When Jennifer Carroll resigned as Florida's Lieutenant Governor earlier this month amidst reports that she was linked to legally shady Internet cafes, it became front page news in most of the sunshine state and a significant (if not front page) story everywhere else. Likewise, Republican Virginia Lieutenant Governor Bill Bolling has recently made ripples by saying nice things about the Democratic Party's presumptive nominee for governor. In both cases, the people involved certainly caused headaches for their own parties' political establishment: Florida Republicans are doing everything they can to make voters forget Carroll exists and Bolling could well face the same treatment from Virginia Republicans. Whatever one thinks of their actions, however, it makes sense to grant the wishes of people who wish Carroll and Boiling would disappear. The office of lieutenant governor should be abolished everywhere that it exists.
It's simple. Salaries, office space, travel budgets and more for lieutenant governors cost hundreds of thousands of dollars a year and most of these people literally get paid to do nothing except for wait around for the governor to die or resign. (Most are ceremonial "presidents" of state senates with little or no actual legislative power.) Many work on a variety of feel good projects and show up around their states to represent the governor at ribbon cuttings and funerals.
All of this is pointless. Unlike the President of the United States -- who has national security responsibilities that need to be exercised at all times -- state governors' work almost never involves anything that can't wait a few weeks. It would be a simple matter -- and more democratic -- to have legislative leaders or other state-wide elected officials (state treasurers or Secretaries of State) to serve as acting governors during the run up to special elections whenever a governor leaves office unexpectedly. The ceremonial tasks delegated to lieutenant governors could almost always be taken over by other members of governors' staff or the governors' spouse. In fact, five states (Arizona, Maine, New Hampshire, Oregon and Wyoming) get along just fine without lieutenant governors right now.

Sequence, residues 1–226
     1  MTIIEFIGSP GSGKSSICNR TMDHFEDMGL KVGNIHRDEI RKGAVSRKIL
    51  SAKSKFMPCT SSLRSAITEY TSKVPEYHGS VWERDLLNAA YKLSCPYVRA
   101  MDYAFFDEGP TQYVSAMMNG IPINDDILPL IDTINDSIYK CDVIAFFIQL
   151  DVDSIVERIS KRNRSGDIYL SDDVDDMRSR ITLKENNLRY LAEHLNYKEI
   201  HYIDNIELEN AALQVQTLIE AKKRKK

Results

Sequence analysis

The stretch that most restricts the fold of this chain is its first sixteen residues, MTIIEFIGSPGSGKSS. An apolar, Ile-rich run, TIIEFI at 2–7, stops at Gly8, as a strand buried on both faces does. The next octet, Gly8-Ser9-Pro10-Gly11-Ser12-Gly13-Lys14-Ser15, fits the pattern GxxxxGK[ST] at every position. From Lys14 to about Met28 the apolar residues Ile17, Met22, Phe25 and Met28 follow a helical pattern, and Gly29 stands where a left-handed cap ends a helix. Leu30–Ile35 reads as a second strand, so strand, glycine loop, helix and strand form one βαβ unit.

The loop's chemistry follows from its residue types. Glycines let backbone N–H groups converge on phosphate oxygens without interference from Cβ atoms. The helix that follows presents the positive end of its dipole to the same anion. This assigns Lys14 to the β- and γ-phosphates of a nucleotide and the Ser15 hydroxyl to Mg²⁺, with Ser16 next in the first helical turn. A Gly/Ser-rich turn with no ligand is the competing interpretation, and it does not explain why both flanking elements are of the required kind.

This isn't to say that all (or even most) lieutenant governors are useless as people or washed up politically. In fact, almost none are. More than a handful of lieutenant governors (Rick Perry and Mario Cuomo to name just two) have gone on to become prominent politicians themselves. Even today, a few lieutenant governors -- Texas' most prominently -- do wield very significant political power under their states constitutions. A few others, like Ohio's Mary Taylor (who also runs the state's insurance department) have been appointed to other state jobs with real responsibilities. But these are the exceptions. The office of lieutenant governor is a waste of money and time. In states that put both governor and lieutenant on the same ticket, there are few cases of the lieutenant governor being a big help and many of he or she causing embarrassment to the person on top. If states want to save money in a way that almost everyone can agree on, they should get together and abolish the office of lieutenant governor.